Cullen Jenkins, who hasn’t played or practiced since re-injuring his calf vs. San Francisco in Week 13, returned as a limited participant during Wednesday’s practice. Despite missing five contests this season with the injury, Jenkins ranked No. 2 on the team this season with a career-high seven sacks despite playing with a bulky cast for much of the season to protect a broken hand sustained in the season opener at Philadelphia.

“That would mean the world,” defensive end Ryan Pickett said of Jenkins’ potential return. “The guy is probably one of the better pass rushers in the NFL. We would love to have him back out there.”

Jenkins’ problems with the strained calf dated back to training camp this season, but he played in the first six games before he missed the Week 7 contest against the Vikings after re-injuring it during pre-game warm-ups. He missed just the one game before returning for the next five, but aggravated the calf once again in the fourth quarter of a 49ers contest that saw him register a season-high two sacks. Jenkins described that instance as the most severe the injury had been.

While he was limited in Wednesday’s shells practice, Jenkins did participate during the team periods, work he said he needed instead of just doing individual drills.

“I told the coaches and the medical staff that I wanted to go out in the team situations so you have to react,” Jenkins said. “In reacting, you can’t favor it. You have to just adjust out there on the fly. It was pretty good for my confidence to be able to make it through all of that with no problems with it.”

Forced to watch his teammates over the final month, including consecutive win-or-go-home games in the final two weeks against the Giants and Bears, Jenkins said staying patient and getting as close to 100 percent was the right move to make.

“It turned out to be a really good thing,” Jenkins said. “They played well and they have been buying me extra time. That time turned out to prove pretty big. From last week to this week we are starting to get the strength back a lot better. It is still a lot more that we can get in there, strength and improving, but right now we are really feeling good about it.”

Outside linebacker Clay Matthews has once again been the Packers’ most consistent pass rusher, leading the team with 13½ sacks this season, but the defense has also seen increased production from B.J. Raji, who led all NFL nose tackles with a career-high 6½ sacks, including four in the final five games. Outside linebacker Erik Walden, signed as a free agent in late October, is coming off a career-best three-sack performance in the season finale.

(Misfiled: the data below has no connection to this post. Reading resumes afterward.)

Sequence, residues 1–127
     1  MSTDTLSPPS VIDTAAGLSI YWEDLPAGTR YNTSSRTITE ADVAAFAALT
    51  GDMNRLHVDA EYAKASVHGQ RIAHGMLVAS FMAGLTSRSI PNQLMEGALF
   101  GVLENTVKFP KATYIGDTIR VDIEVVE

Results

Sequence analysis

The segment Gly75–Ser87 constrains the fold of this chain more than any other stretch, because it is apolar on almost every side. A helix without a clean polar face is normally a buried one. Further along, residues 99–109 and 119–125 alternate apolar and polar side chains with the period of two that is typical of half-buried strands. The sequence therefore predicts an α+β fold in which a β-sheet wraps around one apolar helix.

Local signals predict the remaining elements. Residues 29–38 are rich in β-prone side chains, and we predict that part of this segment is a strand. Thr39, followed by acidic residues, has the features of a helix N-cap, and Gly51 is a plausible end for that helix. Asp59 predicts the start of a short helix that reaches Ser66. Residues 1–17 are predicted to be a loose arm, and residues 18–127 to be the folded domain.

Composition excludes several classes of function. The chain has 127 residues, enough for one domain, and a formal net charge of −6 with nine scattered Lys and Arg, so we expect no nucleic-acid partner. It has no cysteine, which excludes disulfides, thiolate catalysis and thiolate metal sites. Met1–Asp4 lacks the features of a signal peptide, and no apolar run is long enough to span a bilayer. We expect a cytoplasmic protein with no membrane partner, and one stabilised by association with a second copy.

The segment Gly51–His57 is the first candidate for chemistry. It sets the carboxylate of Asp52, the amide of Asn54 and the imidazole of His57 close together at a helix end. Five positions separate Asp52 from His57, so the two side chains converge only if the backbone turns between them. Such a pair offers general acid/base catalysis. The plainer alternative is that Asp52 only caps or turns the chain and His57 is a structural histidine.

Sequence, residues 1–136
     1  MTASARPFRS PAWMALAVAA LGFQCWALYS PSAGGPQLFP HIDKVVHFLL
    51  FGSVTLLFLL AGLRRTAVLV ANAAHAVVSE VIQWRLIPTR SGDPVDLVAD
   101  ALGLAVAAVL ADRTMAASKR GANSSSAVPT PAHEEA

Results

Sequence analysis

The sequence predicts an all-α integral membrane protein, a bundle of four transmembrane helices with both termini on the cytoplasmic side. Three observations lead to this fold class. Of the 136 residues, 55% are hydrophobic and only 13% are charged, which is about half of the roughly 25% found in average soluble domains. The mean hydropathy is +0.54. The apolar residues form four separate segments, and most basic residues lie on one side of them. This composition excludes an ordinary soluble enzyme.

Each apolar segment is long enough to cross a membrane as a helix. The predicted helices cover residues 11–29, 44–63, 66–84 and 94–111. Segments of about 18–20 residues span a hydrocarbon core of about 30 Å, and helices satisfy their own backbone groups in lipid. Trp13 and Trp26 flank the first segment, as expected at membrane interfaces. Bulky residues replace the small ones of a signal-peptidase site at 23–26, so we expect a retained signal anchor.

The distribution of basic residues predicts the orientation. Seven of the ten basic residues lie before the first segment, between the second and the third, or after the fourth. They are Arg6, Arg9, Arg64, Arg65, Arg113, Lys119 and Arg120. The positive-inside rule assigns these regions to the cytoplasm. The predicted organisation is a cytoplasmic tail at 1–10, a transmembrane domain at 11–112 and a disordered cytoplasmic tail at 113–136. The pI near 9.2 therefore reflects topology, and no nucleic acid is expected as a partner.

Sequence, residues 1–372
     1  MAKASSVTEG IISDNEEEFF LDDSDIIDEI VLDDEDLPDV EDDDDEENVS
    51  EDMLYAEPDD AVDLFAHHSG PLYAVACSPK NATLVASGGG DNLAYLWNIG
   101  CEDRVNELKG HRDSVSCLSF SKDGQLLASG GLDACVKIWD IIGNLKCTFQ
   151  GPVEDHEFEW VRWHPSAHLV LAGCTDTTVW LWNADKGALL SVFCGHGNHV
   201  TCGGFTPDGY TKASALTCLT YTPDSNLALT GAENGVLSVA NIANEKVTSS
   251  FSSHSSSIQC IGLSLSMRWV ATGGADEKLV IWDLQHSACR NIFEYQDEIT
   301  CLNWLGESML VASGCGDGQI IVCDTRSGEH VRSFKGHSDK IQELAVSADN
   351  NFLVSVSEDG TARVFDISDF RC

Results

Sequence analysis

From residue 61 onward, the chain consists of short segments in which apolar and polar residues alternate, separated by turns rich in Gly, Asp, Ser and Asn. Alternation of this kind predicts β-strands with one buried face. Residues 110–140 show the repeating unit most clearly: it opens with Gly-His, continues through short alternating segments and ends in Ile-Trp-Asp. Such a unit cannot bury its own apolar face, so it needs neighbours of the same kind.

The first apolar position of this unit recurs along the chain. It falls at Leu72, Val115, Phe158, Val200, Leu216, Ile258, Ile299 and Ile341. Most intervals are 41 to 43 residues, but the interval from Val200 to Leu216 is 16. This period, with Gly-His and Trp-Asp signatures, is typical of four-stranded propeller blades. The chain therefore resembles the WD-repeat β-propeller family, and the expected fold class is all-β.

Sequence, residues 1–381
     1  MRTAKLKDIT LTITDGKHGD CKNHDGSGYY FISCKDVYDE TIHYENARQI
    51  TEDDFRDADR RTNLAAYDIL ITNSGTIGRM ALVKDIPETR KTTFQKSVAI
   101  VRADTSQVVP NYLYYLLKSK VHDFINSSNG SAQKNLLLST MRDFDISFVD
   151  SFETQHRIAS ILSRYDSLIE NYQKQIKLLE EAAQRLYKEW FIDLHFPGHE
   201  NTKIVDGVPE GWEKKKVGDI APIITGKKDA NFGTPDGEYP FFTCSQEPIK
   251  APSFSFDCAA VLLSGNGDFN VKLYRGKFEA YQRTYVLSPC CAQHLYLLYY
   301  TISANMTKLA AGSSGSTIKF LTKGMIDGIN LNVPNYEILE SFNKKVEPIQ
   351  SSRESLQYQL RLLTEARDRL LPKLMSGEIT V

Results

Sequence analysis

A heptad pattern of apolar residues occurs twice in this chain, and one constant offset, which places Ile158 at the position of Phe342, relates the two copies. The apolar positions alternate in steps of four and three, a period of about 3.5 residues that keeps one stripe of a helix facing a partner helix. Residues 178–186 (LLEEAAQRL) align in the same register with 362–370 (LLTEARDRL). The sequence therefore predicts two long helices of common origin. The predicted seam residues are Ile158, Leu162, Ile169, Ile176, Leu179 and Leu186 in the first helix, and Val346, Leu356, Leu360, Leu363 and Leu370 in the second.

The Packers were tied for No. 2 in the NFL this season with 47 sacks, their best league ranking in team history, and adding back a presence like Jenkins would be a boost for a defense that will be facing one of the more athletic quarterbacks in NFL history in Michael Vick.

Vick was sacked nine times in the final two games he played (inactive for the season finale), including six times in Philadelphia’s 24-14 loss to Minnesota in Week 16. With Matthews and Raji often seeing double-teams from opposing offenses, Jenkins could help free them up from his end spot and as an inside rusher in the Packers’ sub packages.

“We’re always looking to improve,” Head Coach Mike McCarthy said. “There’s no doubt about it. Having Cullen Jenkins back would definitely enhance that. (Rushing the passer) is clearly a strength of Cullen’s. Hopefully as we go through this week of practice he’ll be ready to go Sunday.”

The next step for Jenkins is to see how his calf responds to his first on-field work in a month, and while he admitted that he didn’t know how many snaps he would play if he is able to return, the signs so far are encouraging.

“I went through a lot today and it’s feeling pretty good,” Jenkins said. “We’ll just come in tomorrow and see how it feels, see if there is any soreness or anything out of the ordinary. Then just see how the coaches and trainers call it, whether or not they think I should practice again or hold out. We just kind of have to wait and see.

“You never know what could happen between now and then, but the way I feel right now, it would be a go.”

Change for the playoffs
This year’s postseason will feature a change in the overtime rules from the regular season.